As long as the air has shaken with music, there have been voyagers, troublemakers, and mindbenders who have turned our notion of harmony, melody, and rhythm on its end. Though they may not have been rewarded for their daring in their time, such giants as Igor Stravinsky, Charlie Parker, John Cage, and John Coltrane all mischievously toyed with convention. Using an orchestra, sax, piano— and even silence—they rearranged our expectations and ideas of what music can be.

If there was ever an instrument built to carry on that tradition, it’s the electric guitar. It’s a tool of a million textures and timbres and an instrument of the people. Affordable, easy to learn at an elementary level, and capable of inspiring creativity on a single string, the guitar is the perfect tool for musical revolution.

Yet somehow, amid the million-note flurries of virtuosity, hero imitation, and obsession over the instrument itself, it’s easy to lose sight of these most elegant aspects of the guitar’s potential. And lessons about cultivating an individual voice taught by geniuses from Jimi Hendrix to Pete Townshend, Lou Reed, John McLaughlin, and Nels Cline are often obscured in the stampede to retrace their steps.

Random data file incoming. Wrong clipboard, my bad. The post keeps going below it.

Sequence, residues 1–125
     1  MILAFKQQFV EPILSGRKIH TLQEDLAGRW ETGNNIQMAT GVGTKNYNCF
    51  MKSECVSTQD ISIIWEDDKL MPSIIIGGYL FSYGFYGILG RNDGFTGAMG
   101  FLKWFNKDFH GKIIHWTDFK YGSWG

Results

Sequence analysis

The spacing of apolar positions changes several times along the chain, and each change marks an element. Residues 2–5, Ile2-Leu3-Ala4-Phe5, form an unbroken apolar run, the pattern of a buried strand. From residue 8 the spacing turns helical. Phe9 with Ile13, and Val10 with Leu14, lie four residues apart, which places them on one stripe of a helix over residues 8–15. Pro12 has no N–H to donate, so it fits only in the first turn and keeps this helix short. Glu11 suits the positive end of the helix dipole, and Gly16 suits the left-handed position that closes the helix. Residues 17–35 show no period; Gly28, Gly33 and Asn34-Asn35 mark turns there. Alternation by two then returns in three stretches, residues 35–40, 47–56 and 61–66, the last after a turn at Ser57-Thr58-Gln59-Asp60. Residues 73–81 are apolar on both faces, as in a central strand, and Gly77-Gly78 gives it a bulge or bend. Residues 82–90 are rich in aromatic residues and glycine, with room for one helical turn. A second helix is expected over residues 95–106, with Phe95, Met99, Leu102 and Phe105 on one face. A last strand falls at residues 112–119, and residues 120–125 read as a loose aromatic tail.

Lee Ranaldo of Sonic Youth, Nick Zinner of the Yeah Yeah Yeahs, and Ben Chasny and Sir Richard Bishop of Rangda are four contemporary players that steadfastly walk the path less trodden. Though their work often takes radical, noncommercial turns, they don’t play simply to upset the apple cart. They’re all uncommonly gifted musicians, reverent students, avid listeners, and prolific in the studio. And while they each appreciate technique in measures as a means to opening doors, they are much more interested in using the guitar to kick those doors down.

The music Ranaldo, Zinner, Chasny, and Bishop make may not always be the most accessible. But the way they live their own musical and creative lives—listening adventurously, tossing the rulebook, and probing the limits of what the guitar, effects, and amplifiers can do—can help you push yourself further, no matter what music you’re trying to make.